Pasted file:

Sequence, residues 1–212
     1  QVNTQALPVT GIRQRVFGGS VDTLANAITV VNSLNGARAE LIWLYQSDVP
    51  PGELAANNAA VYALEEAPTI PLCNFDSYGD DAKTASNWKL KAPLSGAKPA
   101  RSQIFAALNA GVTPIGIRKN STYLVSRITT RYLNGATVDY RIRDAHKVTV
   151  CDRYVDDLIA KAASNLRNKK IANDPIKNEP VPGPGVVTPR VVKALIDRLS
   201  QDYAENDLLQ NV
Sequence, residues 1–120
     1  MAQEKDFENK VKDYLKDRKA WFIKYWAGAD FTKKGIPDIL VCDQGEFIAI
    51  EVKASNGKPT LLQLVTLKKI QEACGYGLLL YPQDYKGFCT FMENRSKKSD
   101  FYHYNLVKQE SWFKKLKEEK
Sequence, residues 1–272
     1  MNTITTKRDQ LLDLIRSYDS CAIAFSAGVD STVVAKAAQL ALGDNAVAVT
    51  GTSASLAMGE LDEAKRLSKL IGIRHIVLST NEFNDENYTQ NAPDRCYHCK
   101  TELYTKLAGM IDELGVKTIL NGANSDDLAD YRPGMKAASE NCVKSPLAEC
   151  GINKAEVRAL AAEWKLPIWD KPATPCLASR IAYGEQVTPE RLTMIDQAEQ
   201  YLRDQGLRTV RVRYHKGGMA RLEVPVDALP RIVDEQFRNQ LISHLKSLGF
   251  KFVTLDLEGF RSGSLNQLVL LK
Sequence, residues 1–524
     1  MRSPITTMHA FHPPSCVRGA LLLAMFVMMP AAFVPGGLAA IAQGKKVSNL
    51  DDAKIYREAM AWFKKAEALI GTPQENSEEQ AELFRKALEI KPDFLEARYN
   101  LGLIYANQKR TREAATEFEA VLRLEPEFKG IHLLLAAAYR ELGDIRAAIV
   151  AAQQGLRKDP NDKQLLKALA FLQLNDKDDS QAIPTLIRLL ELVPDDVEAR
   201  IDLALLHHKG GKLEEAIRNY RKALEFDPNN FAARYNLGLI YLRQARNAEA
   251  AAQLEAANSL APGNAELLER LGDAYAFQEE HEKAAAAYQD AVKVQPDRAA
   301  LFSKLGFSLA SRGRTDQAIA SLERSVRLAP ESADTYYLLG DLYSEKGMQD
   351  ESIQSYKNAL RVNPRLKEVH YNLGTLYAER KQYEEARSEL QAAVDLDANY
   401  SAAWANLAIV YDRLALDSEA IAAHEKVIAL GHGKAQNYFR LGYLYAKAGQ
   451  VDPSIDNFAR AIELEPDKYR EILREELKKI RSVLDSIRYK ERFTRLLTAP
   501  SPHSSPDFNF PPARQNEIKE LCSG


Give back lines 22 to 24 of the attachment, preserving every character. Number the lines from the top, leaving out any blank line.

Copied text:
   151  AAQQGLRKDP NDKQLLKALA FLQLNDKDDS QAIPTLIRLL ELVPDDVEAR
   201  IDLALLHHKG GKLEEAIRNY RKALEFDPNN FAARYNLGLI YLRQARNAEA
   251  AAQLEAANSL APGNAELLER LGDAYAFQEE HEKAAAAYQD AVKVQPDRAA